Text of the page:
The Boston Globe ran this story today on the subject.
Nurses alienated by job stresses, lures from related fields
By Diane E. Lewis, Globe Staff, 9/15/02
For as long as she could remember, LaTanya Robinson, 23, of Dorchester,
wanted to be a nurse. ''There is something about taking care of people when
they are sick that has always interested me,'' said Robinson. ''It makes me feel
as if I am helping or doing something good.''
But after graduating from the University of
Massachusetts at Boston last December with a
bachelor's degree in nursing, she began worrying
about the long hours, the heavy patient loads,
and the stress -- byproducts of a critical nursing
shortage that shows no signs of easing.
At one point, Robinson contemplated not taking
her board certification exam and continuing her
current job as a nurses' aide until she explored
other career options more thoroughly. She has
since changed her mind, and plans to take her
nursing boards in a few weeks.
Increasingly, new nurses like Robinson are casting
a more critical eye on the profession, and they are
beginning to leave the field in higher numbers,
reports Julie Sochalski, an associate professor at
the University of Pennsylvania School of Nursing.
She says the trend could pose long-term problems
for hospitals and clinics across the country.
''We know the nation is facing a shortfall of
nurses,'' said Sochalski, ''but if new registered
nurses are leaving the profession after only a few
years, the shortage is likely to reach crisis
proportions sooner rather than later.''
Ernst & Young reports that nursing shortages at
hospitals and clinics will exceed 500,000 positions
by the year 2020. This trend is expected to
coincide with growing demand in the
biotechnology, pharmaceutical, and medical device
industries for professionals with medical or health
care experience, according to the management
consulting firm. In the pharmaceutical industry,
demand for nurses and other health care
professionals will increase 35 percent in the next
decade alone, according to data from the Bureau
of Labor Statistics.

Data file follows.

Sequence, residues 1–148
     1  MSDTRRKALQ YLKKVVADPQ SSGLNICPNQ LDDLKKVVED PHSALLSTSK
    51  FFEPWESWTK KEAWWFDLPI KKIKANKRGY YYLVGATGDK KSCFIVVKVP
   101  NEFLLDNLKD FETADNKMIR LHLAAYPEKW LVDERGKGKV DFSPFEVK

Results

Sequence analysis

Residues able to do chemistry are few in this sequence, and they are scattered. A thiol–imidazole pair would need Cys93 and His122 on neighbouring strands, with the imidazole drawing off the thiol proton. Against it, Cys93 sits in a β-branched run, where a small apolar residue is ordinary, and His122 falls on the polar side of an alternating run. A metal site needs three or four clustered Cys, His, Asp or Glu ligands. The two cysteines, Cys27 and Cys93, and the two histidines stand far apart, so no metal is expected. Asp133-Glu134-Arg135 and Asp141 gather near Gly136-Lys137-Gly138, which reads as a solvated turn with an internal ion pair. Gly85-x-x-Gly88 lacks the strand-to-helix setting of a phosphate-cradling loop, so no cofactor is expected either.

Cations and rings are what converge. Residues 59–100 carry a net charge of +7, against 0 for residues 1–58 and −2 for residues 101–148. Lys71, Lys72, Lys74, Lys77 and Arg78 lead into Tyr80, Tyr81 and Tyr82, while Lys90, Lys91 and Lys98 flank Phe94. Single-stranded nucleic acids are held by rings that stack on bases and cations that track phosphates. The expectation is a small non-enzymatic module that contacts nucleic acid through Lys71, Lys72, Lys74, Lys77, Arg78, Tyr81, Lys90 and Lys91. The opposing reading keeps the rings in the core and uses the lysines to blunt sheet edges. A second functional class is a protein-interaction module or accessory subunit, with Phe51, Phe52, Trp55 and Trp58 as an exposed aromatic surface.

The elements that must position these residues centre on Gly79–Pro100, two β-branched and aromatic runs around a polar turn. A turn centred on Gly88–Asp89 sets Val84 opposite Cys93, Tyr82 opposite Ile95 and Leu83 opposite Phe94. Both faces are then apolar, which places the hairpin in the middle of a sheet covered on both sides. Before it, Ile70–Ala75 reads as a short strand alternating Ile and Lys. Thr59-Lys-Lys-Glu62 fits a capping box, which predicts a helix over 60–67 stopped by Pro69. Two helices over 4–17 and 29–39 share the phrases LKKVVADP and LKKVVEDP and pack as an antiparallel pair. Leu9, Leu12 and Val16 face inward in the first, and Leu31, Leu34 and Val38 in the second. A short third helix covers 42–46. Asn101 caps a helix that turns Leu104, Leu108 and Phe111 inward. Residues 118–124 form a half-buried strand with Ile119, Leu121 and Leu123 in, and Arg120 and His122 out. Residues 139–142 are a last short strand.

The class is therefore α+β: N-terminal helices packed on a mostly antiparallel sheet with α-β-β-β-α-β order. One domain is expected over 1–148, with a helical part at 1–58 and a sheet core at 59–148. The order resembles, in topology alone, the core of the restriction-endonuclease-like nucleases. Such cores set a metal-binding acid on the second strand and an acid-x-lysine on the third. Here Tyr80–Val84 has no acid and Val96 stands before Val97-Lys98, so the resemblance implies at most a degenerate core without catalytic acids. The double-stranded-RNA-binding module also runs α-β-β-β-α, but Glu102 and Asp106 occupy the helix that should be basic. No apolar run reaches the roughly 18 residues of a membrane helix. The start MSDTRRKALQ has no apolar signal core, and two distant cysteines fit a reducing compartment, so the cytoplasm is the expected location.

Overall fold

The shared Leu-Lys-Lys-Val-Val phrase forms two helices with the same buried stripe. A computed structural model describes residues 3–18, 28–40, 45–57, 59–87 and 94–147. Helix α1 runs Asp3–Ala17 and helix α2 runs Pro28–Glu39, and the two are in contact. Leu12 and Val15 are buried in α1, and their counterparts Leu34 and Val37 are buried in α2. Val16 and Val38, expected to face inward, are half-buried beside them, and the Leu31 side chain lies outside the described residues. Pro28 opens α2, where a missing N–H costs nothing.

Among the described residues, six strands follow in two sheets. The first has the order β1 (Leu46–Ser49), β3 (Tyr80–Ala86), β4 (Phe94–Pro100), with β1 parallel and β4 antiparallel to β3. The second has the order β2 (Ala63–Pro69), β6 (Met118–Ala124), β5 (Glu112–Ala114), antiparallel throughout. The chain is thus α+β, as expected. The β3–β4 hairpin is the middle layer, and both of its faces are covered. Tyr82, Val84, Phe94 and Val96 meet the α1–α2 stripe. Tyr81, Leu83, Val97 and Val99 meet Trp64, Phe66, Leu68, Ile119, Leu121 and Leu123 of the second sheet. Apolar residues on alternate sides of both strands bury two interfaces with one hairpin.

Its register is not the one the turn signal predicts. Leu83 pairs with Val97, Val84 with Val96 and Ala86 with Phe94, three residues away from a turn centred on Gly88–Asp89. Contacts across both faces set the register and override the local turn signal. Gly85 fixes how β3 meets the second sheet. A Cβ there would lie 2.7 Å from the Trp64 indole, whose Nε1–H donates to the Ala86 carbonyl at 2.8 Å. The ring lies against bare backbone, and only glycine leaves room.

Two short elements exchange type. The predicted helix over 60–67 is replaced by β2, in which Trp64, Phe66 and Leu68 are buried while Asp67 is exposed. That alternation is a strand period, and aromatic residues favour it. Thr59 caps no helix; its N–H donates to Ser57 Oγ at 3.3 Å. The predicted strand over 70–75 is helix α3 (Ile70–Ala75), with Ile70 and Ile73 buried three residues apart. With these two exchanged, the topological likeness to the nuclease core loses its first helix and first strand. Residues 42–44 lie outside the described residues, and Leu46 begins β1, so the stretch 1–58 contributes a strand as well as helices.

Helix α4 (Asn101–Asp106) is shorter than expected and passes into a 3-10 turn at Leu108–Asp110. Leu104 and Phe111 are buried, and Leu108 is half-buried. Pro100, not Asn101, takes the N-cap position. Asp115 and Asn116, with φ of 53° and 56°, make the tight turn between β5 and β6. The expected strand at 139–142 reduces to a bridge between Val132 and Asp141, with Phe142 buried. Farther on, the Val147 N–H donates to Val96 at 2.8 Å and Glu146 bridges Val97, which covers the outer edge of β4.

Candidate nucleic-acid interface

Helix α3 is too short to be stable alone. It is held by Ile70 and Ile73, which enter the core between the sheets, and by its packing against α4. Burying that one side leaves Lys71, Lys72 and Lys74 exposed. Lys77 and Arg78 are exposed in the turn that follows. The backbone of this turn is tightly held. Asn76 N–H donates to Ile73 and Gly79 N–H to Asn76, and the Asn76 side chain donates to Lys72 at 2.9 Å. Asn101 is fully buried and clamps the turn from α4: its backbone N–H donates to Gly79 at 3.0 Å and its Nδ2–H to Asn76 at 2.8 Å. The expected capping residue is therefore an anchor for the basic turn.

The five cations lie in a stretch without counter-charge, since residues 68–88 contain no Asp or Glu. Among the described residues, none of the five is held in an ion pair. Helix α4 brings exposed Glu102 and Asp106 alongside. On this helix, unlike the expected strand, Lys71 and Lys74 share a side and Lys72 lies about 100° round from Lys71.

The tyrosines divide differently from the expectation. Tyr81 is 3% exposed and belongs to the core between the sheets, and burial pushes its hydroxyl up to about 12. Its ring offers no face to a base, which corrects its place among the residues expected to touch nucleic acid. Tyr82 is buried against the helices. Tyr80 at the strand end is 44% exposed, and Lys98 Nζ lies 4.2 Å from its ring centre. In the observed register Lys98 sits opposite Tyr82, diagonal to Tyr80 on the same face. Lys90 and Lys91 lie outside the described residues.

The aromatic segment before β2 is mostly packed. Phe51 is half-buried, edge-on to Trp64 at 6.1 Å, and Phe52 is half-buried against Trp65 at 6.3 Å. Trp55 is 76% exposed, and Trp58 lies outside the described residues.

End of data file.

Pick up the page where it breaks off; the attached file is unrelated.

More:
Sochalski's research reveals that new male nurses
are leaving the profession at a higher rate than young women. Her study
analyzes and compares survey data collected from 36,000 nurses by the US
Department of Health and Human Services in 1992, 1996, and 2000. It shows
that by 2000 7.5 percent of new male nurses left the profession within four
years of graduating from nursing school, up from 2 percent in 1992. By contrast,
4.1 percent of young women in the field left the profession within four years of
leaving nursing school, up from 2.7 percent in 1992.
''New nurses begin their careers with higher levels of job satisfaction, but the
workplace itself seems to be convincing growing numbers to leave the bedside
earlier in their careers for other professions,'' said Sochalski.
In Massachusetts, the demand for skilled nurses began increasing after
hospitals reduced costs in the 1990s and laid off highly paid nursing specialists,
reports Judith Shindul-Rothschild, a professor of nursing at Boston College.
With the aging of the patient population, hospitals experienced new stresses.
Meanwhile, the median age of nurses rose, resulting in more retirements. At
the same time, fewer replacement nurses were graduated. The problem
worsened when applications to nursing schools fell 5 percent by the end of the
Asked where younger nurses are going, Sochalski said: ''We know, anecdotally,
that pharmaceutical companies, biotech companies, health insurance, and